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Early exposure to infections doesn't protect against allergies, but getting into nature might

Citation

Flies, E and Weinstein, P, Early exposure to infections doesn't protect against allergies, but getting into nature might, The Conversation, The Conversation Media Group Ltd, Australia, 7 February 2020 (2020) [Newspaper Article]


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Abstract

Over the past few decades, allergies and asthma have become common childhood diseases, especially in developed countries. Almost 20% of Australians experience some kind of allergy, whether itís to food, pollen, dust, housemites, mould or animals.

When people suffer from food allergies, hay fever or asthma, their immune system incorrectly believes the trigger substances are harmful and mounts a defence.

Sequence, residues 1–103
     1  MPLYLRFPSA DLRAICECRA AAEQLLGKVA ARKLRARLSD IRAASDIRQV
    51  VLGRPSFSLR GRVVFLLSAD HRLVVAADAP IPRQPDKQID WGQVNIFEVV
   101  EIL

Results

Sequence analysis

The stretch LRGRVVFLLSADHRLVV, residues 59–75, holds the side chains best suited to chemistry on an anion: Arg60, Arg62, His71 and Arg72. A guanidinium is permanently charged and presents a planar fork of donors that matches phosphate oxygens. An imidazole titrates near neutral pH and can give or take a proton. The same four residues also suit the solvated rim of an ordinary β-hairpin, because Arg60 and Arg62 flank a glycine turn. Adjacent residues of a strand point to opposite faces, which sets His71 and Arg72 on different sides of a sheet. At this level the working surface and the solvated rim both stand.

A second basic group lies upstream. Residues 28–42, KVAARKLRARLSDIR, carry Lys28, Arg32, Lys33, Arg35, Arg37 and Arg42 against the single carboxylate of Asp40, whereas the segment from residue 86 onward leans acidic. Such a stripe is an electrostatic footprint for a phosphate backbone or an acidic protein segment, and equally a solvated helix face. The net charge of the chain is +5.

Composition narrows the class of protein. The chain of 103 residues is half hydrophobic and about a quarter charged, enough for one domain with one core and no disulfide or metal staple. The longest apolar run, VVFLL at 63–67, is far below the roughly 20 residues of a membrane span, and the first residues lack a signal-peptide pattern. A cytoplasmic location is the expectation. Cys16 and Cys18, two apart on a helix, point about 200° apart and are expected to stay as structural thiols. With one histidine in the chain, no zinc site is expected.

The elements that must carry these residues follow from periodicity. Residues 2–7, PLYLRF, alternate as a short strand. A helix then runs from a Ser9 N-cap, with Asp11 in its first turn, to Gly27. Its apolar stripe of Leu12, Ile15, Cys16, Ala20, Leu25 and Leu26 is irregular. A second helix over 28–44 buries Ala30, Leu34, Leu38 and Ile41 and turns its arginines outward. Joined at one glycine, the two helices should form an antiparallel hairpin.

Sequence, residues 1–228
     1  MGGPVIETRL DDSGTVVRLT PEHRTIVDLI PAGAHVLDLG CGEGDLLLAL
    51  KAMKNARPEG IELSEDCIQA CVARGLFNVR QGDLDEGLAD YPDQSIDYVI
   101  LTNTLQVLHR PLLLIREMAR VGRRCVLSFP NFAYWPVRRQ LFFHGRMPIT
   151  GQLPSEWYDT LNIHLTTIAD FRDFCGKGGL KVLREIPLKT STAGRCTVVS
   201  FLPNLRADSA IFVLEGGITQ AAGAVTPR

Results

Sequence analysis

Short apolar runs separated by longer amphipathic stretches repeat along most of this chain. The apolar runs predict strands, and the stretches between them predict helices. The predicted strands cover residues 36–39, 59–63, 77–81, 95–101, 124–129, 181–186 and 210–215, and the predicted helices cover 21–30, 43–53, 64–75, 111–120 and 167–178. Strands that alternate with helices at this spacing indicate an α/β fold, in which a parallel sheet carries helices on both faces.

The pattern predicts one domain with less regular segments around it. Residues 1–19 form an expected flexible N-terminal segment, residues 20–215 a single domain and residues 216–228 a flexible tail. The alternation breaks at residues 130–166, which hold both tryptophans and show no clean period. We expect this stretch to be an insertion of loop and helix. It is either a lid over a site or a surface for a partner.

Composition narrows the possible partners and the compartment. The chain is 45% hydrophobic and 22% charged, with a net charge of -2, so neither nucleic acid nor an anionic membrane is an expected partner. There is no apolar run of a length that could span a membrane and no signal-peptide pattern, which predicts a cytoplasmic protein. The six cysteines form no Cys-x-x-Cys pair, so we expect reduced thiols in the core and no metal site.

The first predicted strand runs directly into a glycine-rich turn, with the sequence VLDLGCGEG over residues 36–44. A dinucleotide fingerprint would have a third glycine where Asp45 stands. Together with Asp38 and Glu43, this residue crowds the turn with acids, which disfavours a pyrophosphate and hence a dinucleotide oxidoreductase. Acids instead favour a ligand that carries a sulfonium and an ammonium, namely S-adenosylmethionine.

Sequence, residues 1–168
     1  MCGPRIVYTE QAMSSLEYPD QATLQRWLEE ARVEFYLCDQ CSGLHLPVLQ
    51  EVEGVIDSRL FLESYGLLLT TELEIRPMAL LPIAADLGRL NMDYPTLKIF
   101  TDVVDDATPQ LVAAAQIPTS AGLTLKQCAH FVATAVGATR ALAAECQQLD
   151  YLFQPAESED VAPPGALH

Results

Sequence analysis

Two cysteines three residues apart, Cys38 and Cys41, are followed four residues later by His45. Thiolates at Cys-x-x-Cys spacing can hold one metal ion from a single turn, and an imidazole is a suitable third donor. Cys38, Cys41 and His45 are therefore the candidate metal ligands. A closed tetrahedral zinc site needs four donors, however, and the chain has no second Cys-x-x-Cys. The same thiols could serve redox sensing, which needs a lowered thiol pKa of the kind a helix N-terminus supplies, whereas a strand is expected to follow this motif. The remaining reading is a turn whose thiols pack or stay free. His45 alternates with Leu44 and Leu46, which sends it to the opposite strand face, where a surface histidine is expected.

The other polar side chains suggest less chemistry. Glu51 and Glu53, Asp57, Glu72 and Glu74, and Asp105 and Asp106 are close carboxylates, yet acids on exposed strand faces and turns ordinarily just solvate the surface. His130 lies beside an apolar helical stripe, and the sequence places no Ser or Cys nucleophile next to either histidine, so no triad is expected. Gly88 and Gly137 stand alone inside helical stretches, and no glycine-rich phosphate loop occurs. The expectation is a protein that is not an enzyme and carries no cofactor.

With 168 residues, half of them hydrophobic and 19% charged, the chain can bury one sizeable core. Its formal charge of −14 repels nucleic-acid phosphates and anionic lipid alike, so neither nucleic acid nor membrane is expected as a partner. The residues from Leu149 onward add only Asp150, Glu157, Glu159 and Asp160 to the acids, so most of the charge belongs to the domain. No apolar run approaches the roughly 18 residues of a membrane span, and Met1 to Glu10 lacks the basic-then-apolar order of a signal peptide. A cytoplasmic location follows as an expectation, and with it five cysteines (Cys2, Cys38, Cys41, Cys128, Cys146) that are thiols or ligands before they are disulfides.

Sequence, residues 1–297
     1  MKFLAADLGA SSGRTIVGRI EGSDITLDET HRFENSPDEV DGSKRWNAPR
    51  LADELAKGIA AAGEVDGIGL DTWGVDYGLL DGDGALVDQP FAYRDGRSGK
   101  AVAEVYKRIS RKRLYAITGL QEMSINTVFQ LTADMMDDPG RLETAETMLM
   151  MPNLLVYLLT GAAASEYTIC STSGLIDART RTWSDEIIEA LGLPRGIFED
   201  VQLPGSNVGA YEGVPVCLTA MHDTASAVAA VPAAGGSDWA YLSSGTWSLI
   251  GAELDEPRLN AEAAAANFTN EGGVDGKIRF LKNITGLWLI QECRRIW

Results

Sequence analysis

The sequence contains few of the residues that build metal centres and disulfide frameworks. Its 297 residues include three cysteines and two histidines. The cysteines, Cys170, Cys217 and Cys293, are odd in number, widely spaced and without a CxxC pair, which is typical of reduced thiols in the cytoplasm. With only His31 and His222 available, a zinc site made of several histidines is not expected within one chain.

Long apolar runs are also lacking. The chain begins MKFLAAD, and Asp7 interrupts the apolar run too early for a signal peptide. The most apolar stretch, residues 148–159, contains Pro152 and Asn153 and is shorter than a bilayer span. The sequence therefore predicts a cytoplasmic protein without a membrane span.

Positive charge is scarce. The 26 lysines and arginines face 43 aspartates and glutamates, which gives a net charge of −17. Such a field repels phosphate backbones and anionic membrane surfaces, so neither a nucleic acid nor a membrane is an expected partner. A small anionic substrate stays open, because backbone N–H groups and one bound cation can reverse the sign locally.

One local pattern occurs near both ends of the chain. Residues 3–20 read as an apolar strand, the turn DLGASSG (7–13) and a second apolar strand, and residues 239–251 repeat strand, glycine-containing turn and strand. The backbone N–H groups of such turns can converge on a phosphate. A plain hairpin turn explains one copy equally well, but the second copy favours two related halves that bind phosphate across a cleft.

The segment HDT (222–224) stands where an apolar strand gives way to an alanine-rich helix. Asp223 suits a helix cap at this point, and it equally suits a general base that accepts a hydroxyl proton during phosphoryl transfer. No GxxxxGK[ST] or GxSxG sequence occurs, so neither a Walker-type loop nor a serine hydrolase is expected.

The response can range from mild symptoms, such as sneezing and a blocked nose (in the case of hay fever), to anaphylaxis (from severe food allergies or bee stings) and asthma attacks.

Item Details

Item Type:Newspaper Article
Keywords:health, biodiversity, microbiome, nature, urban
Research Division:Commerce, Management, Tourism and Services
Research Group:Human resources and industrial relations
Research Field:Occupational and workplace health and safety
Objective Division:Health
Objective Group:Public health (excl. specific population health)
Objective Field:Public health (excl. specific population health) not elsewhere classified
UTAS Author:Flies, E (Dr Emily Flies)
ID Code:139574
Year Published:2020
Deposited By:Plant Science
Deposited On:2020-06-22
Last Modified:2021-06-03
Downloads:0

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